ONCE UPON A TIME
My hometown of Rome, New York, was a close-knit community where almost everyone was Italian, Irish, or Polish and a Roman Catholic. Five hours away from New York City and the Statue of Liberty by train, the city was surrounded by dairy farms, with milk delivered to the insulated box on our back porch every day. The backbone of the local economy was Revere Copper and Brass. The company turned out tea kettles and ship hulls, earning Rome its “Copper City” nickname.
Spargo Wire and Rome Cable made more things out of metal. Griffiss Air Force Base kept us all safe, with the occasional sonic boom to prove it. Going to Goldberg’s or Nelson’s department stores with my grandmother was an Event, as was church on Sunday and sleepovers with my cousin.
The Fourth of July meant picnics. Christmas meant shopping downtown with my sisters and lunch at the Candyland Restaurant. We all shoveled snow before school on wintry mornings.
Rome was Mayberry, just colder and more Catholic.
BIT BY THE TRAVEL BUG
By the time I graduated high school, I was ready to explore the wider world. I headed off to college in the big city of Syracuse, an hour away. I took the train and saw the Statue of Liberty. I spent my junior year in Paris. Graduate school at the University of Virginia led to a job with the Central Intelligence Agency outside Washington, DC.
Through the years, every time I visited Rome the city had lost another round in the quality of life sweepstakes. New York state’s high taxes sucked up wages and jobs. The federal government shuttered the air base. Prolonged union strikes led to the closure of major manufacturers. A major facility for the disabled and mentally handicapped was turned into a prison. The commercial district was razed to build an exact replica of Fort Stanwix, but the expected influx of tourists never came.
OFF TO MEXICO
An assignment in Mexico brought unexpected reminders of my childhood. Despite the stress of the drug war that no one seemed to be winning, I embraced life there. In this mostly Catholic country, where family comes first, I rediscovered familiar rhythms and values.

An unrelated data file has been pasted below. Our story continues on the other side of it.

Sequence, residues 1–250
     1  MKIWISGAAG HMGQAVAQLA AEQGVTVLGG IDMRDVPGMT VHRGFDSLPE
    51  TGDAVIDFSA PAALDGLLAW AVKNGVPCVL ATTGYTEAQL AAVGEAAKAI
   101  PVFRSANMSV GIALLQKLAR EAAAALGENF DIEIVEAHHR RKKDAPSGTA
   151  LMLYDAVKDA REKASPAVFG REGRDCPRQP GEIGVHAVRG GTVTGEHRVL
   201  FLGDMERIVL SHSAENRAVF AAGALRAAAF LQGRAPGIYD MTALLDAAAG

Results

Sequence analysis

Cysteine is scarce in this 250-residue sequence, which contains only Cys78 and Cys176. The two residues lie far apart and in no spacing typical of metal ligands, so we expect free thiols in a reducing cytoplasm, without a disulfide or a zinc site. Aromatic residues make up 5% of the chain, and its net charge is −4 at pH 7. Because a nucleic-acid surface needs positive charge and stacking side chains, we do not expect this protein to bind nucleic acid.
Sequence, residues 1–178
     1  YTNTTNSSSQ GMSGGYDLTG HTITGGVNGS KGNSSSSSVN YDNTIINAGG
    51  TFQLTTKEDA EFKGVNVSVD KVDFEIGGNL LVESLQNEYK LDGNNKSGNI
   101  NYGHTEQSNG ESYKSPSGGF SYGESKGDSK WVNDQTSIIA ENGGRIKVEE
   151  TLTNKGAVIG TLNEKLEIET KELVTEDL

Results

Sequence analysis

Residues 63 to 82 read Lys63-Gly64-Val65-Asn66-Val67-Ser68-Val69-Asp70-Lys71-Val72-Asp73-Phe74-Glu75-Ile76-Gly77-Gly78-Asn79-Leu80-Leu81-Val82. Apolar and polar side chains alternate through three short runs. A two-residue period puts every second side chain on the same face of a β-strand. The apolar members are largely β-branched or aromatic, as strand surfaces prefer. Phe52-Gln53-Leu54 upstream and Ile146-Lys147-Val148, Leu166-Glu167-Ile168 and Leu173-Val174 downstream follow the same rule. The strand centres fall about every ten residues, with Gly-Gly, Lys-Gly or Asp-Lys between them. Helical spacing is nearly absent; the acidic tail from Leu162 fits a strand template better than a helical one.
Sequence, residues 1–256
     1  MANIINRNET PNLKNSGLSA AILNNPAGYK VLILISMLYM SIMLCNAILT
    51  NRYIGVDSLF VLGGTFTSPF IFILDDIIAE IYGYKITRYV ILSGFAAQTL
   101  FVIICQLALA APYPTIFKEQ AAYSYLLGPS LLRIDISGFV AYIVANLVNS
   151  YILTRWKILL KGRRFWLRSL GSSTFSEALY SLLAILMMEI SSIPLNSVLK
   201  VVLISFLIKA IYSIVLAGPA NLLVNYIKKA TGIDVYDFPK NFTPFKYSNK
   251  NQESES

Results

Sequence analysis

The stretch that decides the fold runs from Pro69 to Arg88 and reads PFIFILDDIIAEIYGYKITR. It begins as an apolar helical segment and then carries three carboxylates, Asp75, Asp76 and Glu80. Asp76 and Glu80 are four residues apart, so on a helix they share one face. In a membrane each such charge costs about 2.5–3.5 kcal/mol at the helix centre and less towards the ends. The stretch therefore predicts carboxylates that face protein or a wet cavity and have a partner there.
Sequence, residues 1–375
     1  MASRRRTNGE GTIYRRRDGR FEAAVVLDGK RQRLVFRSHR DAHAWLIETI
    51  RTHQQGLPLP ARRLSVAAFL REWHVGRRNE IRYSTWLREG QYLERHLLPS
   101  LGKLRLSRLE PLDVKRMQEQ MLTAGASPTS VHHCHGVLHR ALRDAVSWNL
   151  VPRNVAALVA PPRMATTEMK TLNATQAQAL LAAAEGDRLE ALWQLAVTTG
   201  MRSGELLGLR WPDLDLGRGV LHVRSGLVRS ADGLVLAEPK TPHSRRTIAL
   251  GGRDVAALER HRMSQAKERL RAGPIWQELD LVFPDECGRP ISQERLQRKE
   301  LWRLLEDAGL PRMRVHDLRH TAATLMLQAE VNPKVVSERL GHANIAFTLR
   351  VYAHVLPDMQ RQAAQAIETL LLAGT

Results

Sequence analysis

In Mexico, family bonds were formed and strengthened in the kitchen, from preparing meals together to eating together. Community was built around a Catholic church tending its flock, not just with Sunday Mass, but with numerous opportunities to gather.
Not everything was instantly available; money was tight for most Mexicans. Necessity led to creativity, just like when I was growing up.
My past and present sparked together to make new energy, like flint striking steel to build a fire. I began to write fiction.
COMING HOME TO NEW YORK
Now with 10 books set in Mexico under my belt, I’m being tugged home. Not to present-day Rome, which is still struggling, but to the vibrant city where my grandparents built their family.
Bustling Rome, New York, of the early 20th century is the inspiration for fictional Lido, New York, in my forthcoming GALLIANO CLUB series. I’m writing through the lens of history but also through the eyes of my grandparents.
They got married in Rome, during the height of Prohibition. My grandfather played saxophone in the civic band. My grandmother’s nickname was Sheba, slang for a sexy girl.
None of the characters in the GALLIANO CLUB novels are directly based on either of my grandparents, but my memories of them make the books echo with authenticity.
Yet, if I’d never gone to Mexico, would I be writing fiction today?
If I’d never written books set in Mexico, would I have learned how to create a setting that pulls at a reader’s heartstrings?
I have come full circle, from New York to Mexico and back again.
All the way to Lido, New York, circa 1926.
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